25 Jun Links between Poor Oral Health and Jaw Problems
Your oral health affects your overall health in various ways. Poor oral hygiene allows bacteria to build up and form sticky walls of plaque on your teeth. These bacterial plaque deposits infect the gums causing them to become inflamed and bleed, known as gingivitis.
If gingivitis is allowed to continue without treatment, the problem can escalate into periodontitis which erodes and pulls the gums away from the teeth. With the protective gum barrier compromised, bacteria descend further into the crevices created and begin to eat away at the underlying bone foundation. If periodontal disease is not treated, it can lead to severe deterioration of the jawbone and tooth loss, both of which can produce discomfort and pain.
Furthermore, as the jawbone and teeth are compromised by periodontitis stemming from poor oral hygiene, it can lead to maladjustments to the natural bite of the teeth. When the jaw and teeth fall out of line, it can cause facial muscle spasms, sinus pain, headaches or migraines, and even throbbing pain in the neck, shoulders and back.
If not corrected, maladjustments to the jaw and bite of the teeth can also produce TMJ (Temporomandibular Joint Disorders) which can cause symptoms such as pain, grinding or clicking in the joints of the jaw, difficulty or discomfort with opening and closing the mouth, and buzzing and ringing in the ears all of which can lead to sleep loss, eating disorders, communication problems and more. The risk of TMJ is sharply elevated if the person also has osteoporosis which can expedite the bone deterioration process.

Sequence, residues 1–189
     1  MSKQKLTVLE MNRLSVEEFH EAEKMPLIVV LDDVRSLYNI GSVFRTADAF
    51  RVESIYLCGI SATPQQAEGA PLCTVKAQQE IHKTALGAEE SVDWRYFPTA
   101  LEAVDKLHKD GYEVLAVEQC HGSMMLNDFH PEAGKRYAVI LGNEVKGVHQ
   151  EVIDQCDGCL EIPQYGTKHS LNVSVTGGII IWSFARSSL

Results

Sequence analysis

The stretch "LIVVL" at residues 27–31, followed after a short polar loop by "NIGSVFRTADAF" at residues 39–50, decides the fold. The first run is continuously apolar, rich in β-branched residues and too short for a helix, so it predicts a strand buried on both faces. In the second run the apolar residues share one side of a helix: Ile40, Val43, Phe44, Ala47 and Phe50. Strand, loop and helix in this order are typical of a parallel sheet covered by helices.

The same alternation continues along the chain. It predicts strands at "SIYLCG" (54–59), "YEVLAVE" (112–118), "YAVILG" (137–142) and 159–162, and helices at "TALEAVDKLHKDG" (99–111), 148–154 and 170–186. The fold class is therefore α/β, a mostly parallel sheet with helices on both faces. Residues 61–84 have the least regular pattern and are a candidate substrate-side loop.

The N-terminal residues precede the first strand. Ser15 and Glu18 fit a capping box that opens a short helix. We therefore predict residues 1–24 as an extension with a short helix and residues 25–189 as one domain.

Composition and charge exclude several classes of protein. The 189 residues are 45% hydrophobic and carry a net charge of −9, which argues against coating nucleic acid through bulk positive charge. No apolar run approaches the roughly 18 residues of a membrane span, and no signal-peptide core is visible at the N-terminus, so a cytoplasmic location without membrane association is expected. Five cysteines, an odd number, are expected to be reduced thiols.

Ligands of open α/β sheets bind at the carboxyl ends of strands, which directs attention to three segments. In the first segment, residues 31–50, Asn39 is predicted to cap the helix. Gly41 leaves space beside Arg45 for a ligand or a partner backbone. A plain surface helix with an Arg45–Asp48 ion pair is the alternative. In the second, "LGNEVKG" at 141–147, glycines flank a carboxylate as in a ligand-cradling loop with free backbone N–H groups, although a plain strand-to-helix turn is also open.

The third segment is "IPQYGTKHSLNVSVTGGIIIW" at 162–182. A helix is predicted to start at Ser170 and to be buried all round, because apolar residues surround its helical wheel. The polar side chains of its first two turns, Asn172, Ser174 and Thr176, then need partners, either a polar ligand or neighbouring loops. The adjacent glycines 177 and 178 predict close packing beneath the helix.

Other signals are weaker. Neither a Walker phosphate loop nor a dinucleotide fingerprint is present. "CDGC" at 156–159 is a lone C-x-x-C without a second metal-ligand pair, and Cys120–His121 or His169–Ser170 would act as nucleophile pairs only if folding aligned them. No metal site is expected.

In order to combat these problems, good oral health practices are highly recommended by dental professionals. You should brush your teeth at least twice daily using fluoridated toothpaste for around 2-3 minutes each brushing. Flossing at least once per day before your last brushing will help to remove food and plaque that have accumulated between the teeth throughout the day.
You should also focus on eating a healthy, nutritional diet that includes good portions of vitamins A and C which the body uses to fight gum disease. Avoid smoking cigarettes or using smokeless tobacco which have been well-documented as links to gum disease and oral cancer.
Finally, practice preventative oral health care by seeing your dentist for regular checkups. Such professionals are readily equipped to detect and treat problems before they become life-changing.
Want to know more about how your oral health can affect the rest of your body? You won’t believe all the health risks associated with poor oral health! Check out our incredible, innovative oral health resource:
This article is part of our blog series, “The Deadly Consequences of Poor Dental Care“
Khosla, S. et al. “Bisphosphonate-Associated Osteonecrosis of the Jaw: Report of a TaskForce of the American Society for Bone and Mineral Research.” Journal of bone and Mineral Research, Volume 22, Number 10, 2007.